Where are people suffering from disease and poverty?

Disease and poverty exist all over the world. The areas with the most disease and poverty are countries in sub-Saharan Africa and the Asia-Pacific region. In these areas, people do not have enough food to eat, water to drink, or money to live.

They have diseases like AIDS, which weakens the immune system, and cholera, an intestinal infection. In the United States, about 33 million people live in poverty, according to government statistics. Almost 12 million of these people are children, and about 3.5 million were age 65 or older.

Why do I have to go to school?

Much of what you need to know to live successfully as an adult does not come naturally— it has to be learned and studied and memorized. Children learn to speak nathandy urally, for example, by listening to those around them, but reading and writing must be specifically taught. The complicated process of learning the alphabet and the sounds it represents, putting letter sounds together to make words, and learning the meaning of words in order to read and write are skills that only come with special effort. Knowing how to figure out problems that involve numbers, and learning how the world is run or how nature works are important things to learn, too. Although your parents might be able to teach you these things, they would need many hours each day to do it. Most parents work outside the home and wouldn’t have the time to give proper instruction (although some kids are “home schooled” by their parents instead of going to school).

In the United States, a public school system provides years of free education for all children. Teachers, who are specially trained to know what children should learn, and how, and when, are the people who do the job. To ensure that children learn what they need to, state governments now require that all children go to school for a certain number of years (usually until age 16). Kids who skip school a lot can find themselves in court. (Children who go to private schools or whose parents have received special permission to teach them at home are exceptions.)

Which are the biggest and smallest bones?

The femur, or thighbone, is the biggest bone in the body. The average femur is 18 inches (45.72 centimeters) long. The longest bone ever recorded was 29.9 inches (75.95 centimeters) long. It was from an 8-foot-tall (2.45 meters) German who died in 1902 in Belgium.

The stirrup (also called the stapes) in the middle ear is the smallest bone in the body. A tiny, U-shaped bone that passes vibrations from the stirrup to the cochlea, it weighs about 0.0004 ounces (0.011 grams) and can measure just one-tenth of an inch.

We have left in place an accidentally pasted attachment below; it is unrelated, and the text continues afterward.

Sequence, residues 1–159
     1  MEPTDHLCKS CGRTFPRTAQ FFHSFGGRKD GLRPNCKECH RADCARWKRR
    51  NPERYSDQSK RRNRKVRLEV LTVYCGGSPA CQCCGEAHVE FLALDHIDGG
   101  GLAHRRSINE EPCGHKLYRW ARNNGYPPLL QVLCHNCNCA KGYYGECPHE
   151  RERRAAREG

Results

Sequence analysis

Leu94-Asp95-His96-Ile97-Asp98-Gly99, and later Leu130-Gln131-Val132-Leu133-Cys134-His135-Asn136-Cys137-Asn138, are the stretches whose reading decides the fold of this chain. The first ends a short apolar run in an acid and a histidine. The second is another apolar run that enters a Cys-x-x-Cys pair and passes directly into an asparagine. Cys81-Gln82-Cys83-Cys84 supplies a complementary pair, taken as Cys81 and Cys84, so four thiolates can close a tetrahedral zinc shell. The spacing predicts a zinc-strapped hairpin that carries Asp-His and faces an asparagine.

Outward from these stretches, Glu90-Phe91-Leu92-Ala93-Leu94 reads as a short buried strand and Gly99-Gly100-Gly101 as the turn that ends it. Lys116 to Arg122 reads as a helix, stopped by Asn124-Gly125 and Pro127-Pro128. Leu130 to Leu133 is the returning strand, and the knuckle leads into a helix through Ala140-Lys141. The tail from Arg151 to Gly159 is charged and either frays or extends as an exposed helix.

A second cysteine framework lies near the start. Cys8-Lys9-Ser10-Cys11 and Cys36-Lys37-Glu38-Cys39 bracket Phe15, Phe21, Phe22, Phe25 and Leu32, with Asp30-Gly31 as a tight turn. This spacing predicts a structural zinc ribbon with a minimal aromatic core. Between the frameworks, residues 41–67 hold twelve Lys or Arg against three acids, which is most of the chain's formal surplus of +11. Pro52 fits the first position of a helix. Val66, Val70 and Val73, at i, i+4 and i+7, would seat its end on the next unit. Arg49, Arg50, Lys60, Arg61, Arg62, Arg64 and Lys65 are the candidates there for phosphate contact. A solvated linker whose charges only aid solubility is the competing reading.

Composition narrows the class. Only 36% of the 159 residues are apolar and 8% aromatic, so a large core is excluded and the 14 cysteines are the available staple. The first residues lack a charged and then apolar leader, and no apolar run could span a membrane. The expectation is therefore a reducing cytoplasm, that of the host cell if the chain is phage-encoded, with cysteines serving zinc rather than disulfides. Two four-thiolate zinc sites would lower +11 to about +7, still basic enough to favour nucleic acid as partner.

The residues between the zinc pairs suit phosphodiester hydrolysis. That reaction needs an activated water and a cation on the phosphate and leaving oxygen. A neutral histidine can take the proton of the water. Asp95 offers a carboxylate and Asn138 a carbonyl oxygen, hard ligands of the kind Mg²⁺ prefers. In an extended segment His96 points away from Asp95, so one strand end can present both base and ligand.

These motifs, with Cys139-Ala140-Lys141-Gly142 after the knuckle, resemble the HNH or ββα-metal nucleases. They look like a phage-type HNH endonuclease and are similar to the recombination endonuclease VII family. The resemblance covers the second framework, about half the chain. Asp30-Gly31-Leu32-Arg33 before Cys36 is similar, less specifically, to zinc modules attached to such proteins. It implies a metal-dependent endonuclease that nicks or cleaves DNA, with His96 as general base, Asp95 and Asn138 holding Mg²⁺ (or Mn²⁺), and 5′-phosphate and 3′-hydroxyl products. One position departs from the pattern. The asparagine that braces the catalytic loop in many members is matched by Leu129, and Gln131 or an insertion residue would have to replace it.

Why do we say that healing a relationship is “mending fences”?

In 1880, the strong-willed senator John Sherman was testing the water for a presidential nomination. He slipped out of Washington but was followed to his Ohio farm by a reporter who found the senator talking with a high-ranking party official while standing near a fence.

When the reporter asked what they were doing, the response, “We’re mending fences,” gave him his headline, and it became a new phrase for healing relationships. Within a democracy, what are the fourth and fifth estates?

What’s unusual about the music to the American national anthem?

In 1814, after a night in a pub, Francis Scott Key was taken prisoner during the war between Canada and the United States. When he saw the American flag still flying over Fort McHenry he was inspired to write his famous lyrics with one particular barroom song, “To Anacreon In Heaven,” still in his mind.

TAMPA, FL – JANUARY 27: Whitney Houston sings the National Anthem before a game with the New York Giants taking on the Buffalo Bills prior to Super Bowl XXV at Tampa Stadium on January 27, 1991 in Tampa, Florida. The Giants won 20-19. (Photo by George Rose/Getty Images)

And so “The Star Spangled Banner” was written to the tune of a traditional old English drinking song.

Where is my spine?

Your spine, also called the backbone, runs down the length of your back from the base of your neck to your pelvis. The spine has 25 joints connecting 33 individual bones. (The bottom four bones of the spine are fused together to form the terminal vertebrae called the coccyx, or tailbone—and the five bones above that are fused together to form the sacrum. They are caged within the bones of the pelvis.) Each bone in the spine is called a vertebra and they are grouped together to perform specific tasks.

The spine supports your head, lets you twist and bend, and holds your body upright. It also protects the spinal cord, a large bundle of nerves that sends information from your brain to the rest of your body.